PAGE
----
Metallik Flamez is just one of the American companies here at Colombia Moda. The design label isn’t here to walk the runway with their latest collection, however. Instead, they are here to take advantage of the opportunity to connect with Medellin’s textile manufacturers.
Re-shoring to the Americas
As part of a growing trend called ‘Re-shoring’, many American industries are looking to find their supplies here in the Americas versus China, Bangladesh or India. While several recent manufacturing tragedies like the 2012 Bangladeshi fire have made headlines, the reasons behind ‘re-shoring’ efforts have less to do with bad press than more practical reasons.
The distance between India, China, and other Asian nations and the United States is farther – so shipments of materials often take up to 12 weeks, which can significantly impact designers and the arrival of the latest collections.
Cost also plays a factor. A raise in the minimal wage for Chinese workers may be a win for human rights but it also affects the bottom line of American companies, everyone from mega-giants like Wal-mart to smaller start-ups like Metallik Flamez.
High overhead or overseas labor costs translate into higher material costs making optimal sales prices a dicey proposition. Price the item too highly and consumers will be discouraged from purchasing. However, deep price discounts cut into the profit margin and may make a creative venture like fashion, impossible to sustain.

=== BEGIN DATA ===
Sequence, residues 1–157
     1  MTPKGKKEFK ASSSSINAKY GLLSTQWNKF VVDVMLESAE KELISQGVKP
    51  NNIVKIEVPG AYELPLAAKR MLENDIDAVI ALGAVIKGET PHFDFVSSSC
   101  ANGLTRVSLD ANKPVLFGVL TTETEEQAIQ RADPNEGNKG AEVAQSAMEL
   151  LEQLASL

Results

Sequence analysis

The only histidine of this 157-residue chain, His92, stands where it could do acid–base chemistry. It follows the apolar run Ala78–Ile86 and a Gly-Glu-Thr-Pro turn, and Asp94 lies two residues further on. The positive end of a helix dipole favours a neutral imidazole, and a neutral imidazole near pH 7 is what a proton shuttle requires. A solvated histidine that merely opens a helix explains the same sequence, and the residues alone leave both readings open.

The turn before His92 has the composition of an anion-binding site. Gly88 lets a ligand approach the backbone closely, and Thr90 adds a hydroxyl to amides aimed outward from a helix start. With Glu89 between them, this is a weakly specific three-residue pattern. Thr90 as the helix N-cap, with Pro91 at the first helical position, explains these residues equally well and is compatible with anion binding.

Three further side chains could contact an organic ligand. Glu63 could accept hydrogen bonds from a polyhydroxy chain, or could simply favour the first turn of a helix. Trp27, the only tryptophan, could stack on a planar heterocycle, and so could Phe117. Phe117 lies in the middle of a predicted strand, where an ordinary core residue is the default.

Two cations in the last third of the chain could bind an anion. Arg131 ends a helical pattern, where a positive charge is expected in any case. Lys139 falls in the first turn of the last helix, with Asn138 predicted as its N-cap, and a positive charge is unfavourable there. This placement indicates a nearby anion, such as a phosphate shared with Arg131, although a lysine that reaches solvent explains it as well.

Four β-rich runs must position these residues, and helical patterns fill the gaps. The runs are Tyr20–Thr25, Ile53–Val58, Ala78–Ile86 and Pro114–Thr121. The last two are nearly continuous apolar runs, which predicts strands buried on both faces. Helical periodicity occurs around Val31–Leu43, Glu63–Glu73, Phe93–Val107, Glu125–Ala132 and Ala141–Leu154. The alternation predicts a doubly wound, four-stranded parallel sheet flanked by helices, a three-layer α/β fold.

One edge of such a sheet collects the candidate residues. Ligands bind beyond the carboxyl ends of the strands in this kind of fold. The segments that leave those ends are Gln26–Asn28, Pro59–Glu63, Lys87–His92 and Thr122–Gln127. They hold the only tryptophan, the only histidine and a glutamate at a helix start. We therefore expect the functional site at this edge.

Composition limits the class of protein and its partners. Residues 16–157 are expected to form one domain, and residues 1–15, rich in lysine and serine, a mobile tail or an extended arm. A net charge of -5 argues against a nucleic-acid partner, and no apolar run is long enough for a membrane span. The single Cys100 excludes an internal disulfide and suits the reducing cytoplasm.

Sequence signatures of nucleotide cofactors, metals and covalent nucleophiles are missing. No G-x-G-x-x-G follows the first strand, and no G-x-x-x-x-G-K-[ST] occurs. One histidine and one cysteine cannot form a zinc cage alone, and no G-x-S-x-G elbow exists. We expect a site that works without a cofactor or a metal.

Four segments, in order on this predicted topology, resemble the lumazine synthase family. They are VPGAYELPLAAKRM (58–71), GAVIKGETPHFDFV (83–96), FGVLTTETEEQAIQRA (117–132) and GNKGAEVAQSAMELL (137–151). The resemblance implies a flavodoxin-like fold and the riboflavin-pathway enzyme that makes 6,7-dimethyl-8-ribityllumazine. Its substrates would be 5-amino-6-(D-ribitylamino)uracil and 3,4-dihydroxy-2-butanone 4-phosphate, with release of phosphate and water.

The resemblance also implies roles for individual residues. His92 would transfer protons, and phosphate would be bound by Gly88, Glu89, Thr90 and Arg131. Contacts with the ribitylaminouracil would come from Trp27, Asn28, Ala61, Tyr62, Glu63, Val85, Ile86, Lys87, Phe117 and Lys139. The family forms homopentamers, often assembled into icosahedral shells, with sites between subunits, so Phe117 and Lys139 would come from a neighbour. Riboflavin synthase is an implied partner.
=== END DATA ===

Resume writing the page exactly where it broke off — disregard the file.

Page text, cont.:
New Trade Agreement prompts exploration
With the implementation of the U.S. – Colombia Trade Promotion Agreement, more American companies are willing to look south, to Colombia for supplies and sales. While the main benefit of this agreement for American companies is the removal of tariffs on exports to Colombia, it was also specifically written for companies like Metallik Flamez to encourage U.S. Textiles and apparel sales to Colombia. The previous import duty on American clothing and textiles was 14.6%. This tarif has been eliminated completely, which will allow companies like Metallik Flamez to export their wares to Colombian consumers at reduced costs.
The large number of Medellin textile manufacturers is an added attraction for American companies hoping to business with Colombia.
The designers behind the Miami-based Metallik Flamez report that this is their first year in Medellin at the Colombian Fashion and Textile exposition, Colombia Moda. They are optimistic about their prospects but remain cautious of embracing Colombian textiles. As one representative of Metallik Flamez explained, “we have heard stories about fabric samples that took over seven months to provide.”
But how will this caution among American businesspeople translate? It depends on whether Colombian textiles can deliver.